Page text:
The most common sites of infection are the lungs and central nervous system. Pulmonary infection may remain asymptomatic, or patients may complain of cough, pleuritic chest pain, and fever. Radiographically, cryptococcus can appear as a localized, well-defined 3-10-cm pleural-based mass without smooth borders; as single or multiple areas of consolidation, usually within one lobe but in nonsegmental distribution; or as a disseminated miliary nodular infiltrate. A predilection for the lower lobes has been noted. Central nervous system infection usually follows an asymptomatic pulmonary infection. Central nervous system symptoms are highly variable, since many patients are severely immunocompromised and do not manifest the usual signs and symptoms of meningitis or cerebritis.
Medical therapy is indicated in most cases of pulmonary infection except for rare cases of limited localized disease. Amphotericin B (0.5-2 g) remains the treatment of choice and is often combined with flucytosine (150/mg/kg/d) for synergy. New azole compounds (eg, fluconazole, itraconazole, and voriconazole) have been used with increasing frequency as first-line therapy both as single agents and in combination. Surgery is rarely indicated and is useful only to exclude the possibility of malignancy or to determine the etiology of an undiagnosed diffuse pulmonary infiltrate by open lung biopsy.
Aspergillus species are ubiquitous dimorphic soil fungi found in soil and decaying organic matter. The most common pathogenic species include Aspergillus fumigatus (most common), Aspergillus niger, Aspergillus flavus, and Aspergillus glaucus. In culture, these fungi resemble an aspergillum, which is a brush used to sprinkle holy water. Aspergillosis represents the second-most common (after candidiasis) opportunistic fungal infection in immunocompromised hosts and the third-most common systemic fungal infection requiring hospital care. Infection occurs almost exclusively through inhalation of conidia into areas of lung with impaired mucociliary function (eg, tuberculous cavities). Although the diagnosis is supported by demonstrating immediate and delayed-type hypersensitivity skin reactions, by culturing uniform septate hyphae with dichotomous branching at 45 degrees, and by detecting specific IgG and IgE antibodies, a definitive diagnosis requires demonstration of hyphal tissue invasion or documentation of hyphae on methenamine silver stain in a suspected aspergilloma. Galactomannan enzyme-linked immunosorbent assays have recently become available and serve as a sensitive serum measure of invasive infection.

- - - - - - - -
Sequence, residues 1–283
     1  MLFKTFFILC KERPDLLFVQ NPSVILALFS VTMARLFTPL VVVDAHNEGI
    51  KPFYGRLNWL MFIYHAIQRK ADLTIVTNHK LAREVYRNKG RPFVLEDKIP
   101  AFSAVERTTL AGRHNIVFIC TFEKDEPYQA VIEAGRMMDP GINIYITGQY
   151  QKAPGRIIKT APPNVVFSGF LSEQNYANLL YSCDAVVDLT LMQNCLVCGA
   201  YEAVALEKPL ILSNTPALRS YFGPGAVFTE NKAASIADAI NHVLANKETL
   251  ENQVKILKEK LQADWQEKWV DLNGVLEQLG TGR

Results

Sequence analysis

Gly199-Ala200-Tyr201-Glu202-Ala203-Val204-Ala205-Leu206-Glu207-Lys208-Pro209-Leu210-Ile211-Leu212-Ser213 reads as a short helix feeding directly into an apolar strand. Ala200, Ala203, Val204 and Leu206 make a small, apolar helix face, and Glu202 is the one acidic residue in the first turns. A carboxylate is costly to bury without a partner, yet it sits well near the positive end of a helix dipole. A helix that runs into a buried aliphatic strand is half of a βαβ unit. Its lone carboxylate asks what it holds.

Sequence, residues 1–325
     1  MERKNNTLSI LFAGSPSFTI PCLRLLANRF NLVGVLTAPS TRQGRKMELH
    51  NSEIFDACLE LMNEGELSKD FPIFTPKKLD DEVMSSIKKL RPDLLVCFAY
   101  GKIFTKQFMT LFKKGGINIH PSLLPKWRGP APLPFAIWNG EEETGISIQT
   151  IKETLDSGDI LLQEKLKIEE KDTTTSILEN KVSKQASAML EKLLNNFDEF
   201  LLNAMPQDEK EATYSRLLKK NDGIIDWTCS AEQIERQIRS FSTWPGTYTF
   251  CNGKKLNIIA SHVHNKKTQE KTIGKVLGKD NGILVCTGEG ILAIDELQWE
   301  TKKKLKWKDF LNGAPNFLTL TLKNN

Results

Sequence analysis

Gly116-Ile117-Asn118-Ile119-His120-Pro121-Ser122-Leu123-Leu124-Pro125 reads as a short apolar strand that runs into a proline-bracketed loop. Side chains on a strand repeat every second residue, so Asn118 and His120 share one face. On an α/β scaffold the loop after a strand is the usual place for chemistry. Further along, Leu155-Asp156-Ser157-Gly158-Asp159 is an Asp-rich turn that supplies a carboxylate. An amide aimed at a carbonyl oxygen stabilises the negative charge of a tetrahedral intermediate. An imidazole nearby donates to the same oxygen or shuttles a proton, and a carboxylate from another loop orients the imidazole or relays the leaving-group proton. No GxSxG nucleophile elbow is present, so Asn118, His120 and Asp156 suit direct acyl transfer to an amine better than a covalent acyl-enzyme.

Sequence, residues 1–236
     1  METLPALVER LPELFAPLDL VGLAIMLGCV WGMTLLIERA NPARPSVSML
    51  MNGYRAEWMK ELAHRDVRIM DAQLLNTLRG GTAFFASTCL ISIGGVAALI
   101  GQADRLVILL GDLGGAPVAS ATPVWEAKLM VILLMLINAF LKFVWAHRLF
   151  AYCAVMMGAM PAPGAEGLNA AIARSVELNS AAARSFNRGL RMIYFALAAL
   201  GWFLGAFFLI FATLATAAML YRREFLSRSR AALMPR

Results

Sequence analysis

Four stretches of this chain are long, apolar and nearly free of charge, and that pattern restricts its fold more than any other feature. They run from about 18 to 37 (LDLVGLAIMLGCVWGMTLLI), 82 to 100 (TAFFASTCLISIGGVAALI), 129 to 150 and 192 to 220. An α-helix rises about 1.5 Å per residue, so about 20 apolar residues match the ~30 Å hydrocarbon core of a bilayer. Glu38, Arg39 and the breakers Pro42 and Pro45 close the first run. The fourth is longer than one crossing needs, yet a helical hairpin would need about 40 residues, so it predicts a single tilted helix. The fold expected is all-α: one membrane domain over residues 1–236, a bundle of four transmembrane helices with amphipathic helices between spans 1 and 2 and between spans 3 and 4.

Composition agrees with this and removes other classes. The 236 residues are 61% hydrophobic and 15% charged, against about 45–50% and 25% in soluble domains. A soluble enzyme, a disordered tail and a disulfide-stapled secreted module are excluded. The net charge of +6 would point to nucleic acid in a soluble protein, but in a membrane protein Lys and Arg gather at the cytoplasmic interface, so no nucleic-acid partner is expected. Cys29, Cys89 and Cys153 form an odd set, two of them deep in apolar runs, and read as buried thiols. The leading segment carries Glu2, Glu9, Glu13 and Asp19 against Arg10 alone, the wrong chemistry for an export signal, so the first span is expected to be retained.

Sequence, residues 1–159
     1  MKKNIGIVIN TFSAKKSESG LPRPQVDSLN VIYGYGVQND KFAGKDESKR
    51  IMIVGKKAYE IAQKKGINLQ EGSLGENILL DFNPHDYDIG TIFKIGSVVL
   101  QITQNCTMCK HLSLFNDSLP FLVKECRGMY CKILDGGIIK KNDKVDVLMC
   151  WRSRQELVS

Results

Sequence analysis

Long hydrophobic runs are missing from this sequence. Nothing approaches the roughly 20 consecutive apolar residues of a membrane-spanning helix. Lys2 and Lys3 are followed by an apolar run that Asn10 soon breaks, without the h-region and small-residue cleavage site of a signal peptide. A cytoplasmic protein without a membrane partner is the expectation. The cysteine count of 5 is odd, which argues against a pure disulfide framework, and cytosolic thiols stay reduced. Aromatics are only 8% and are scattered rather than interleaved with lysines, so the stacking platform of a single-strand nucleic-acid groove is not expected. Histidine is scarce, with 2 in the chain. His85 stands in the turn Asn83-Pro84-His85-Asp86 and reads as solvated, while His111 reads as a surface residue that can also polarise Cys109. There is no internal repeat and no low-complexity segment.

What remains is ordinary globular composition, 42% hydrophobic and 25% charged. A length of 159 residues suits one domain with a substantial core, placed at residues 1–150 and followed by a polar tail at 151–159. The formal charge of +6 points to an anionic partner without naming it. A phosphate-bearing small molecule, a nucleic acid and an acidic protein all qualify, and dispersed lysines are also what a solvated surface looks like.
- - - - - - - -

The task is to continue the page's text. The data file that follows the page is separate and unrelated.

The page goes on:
Infection with Aspergillus species usually takes one of three forms: allergic bronchopulmonary aspergillosis, invasive aspergillosis, and aspergilloma. Allergic bronchopulmonary aspergillosis occurs in patients who are atopic (asthmatics) and in patients with cystic fibrosis. Endobronchial fungal growth leads to dilated airways filled with mucus and fungus. Continuous exposure to fungal antigens results in precipitating antibodies, increased IgE levels (which correlate with disease activity), and both immediate and delayed-type hypersensitivity. Patients complain of cough, fever, wheezing, dyspnea, pleuritic pain, and hemoptysis. Chest x-ray shows homogeneous densities in a “gloved-finger,” inverted Y, or “cluster of grapes” pattern. Five stages have been defined depending on disease activity and steroid dependency: Stage 1 includes acute infection with characteristic x-ray and laboratory evidence of disease; stage 2 occurs with steroid-induced remission; stage 3 is characterized by asymptomatic exacerbations of laboratory and x-ray findings; steroid-dependent asthma with worsening laboratory tests (total IgE, precipitins, etc) is indicative of stage 4 disease; and end-stage fibrosis, bronchiectasis, and obstruction define stage 5.